When you need to switch a lot of power, P channel MOSFETs are best for the job. These P-FETs can switch over 60V and 25A (with proper heat-sinking) and are TO-220 package so they fit nicely into any breadboard or perfboard. Heat sinking is easy with TO-220s, but because of the very low Rds(on) of down to 70 mOhms (depending on the Vgs - check the datasheet) you can get away with no heatsinking for pretty high loads! The threshhold voltage is up to 5V for 20A of current, so you can control it directly from a microcontroller running on 5V logic.
Check out the datasheet which includes pinout information and a lot more details
The TO-220 package can dissipate up to 2 Watts without a heat sink (at room temperature). Because it has an Rds of <100 milliohms at 5V-12V logic, that means that you can switch about 10 Amperes without a heat sink - more if you use PWM. For more detailed calculation, they suggest this site which has always worked nicely!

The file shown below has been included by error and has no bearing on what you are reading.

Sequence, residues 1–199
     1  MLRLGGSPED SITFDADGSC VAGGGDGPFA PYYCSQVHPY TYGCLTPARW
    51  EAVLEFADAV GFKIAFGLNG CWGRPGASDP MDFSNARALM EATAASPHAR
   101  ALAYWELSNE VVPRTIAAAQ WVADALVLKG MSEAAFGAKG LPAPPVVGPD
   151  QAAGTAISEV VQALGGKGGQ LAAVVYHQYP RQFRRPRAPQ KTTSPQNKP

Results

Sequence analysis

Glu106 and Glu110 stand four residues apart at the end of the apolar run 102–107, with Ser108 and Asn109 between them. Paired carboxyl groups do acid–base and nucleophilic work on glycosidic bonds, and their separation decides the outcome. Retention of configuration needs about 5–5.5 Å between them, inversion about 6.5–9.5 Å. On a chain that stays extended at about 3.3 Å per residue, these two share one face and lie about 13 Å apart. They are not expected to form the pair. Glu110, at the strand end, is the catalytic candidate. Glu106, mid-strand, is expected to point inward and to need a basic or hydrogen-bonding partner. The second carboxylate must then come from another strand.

Datasheet which includes pinout
- Drain-Source Breakdown Voltage: -60 V
- Gate-Source Breakdown Voltage: +/- 25 V
- Continuous Drain Current: 27 A
- Minimum / Maximum Operating Temperature: -55ºC / 175ºC
- Height (incl. pins): 28mm / 1.1"
- Width: 10mm / 0.4"
- Length of Pins: 13.5mm / 0.5"
- Weight: 2g
Adafruit don't have any tutorials with P-FETs at this time, but for general purpose FET information check out Driving LED strips with Arduino PWM with power N FETs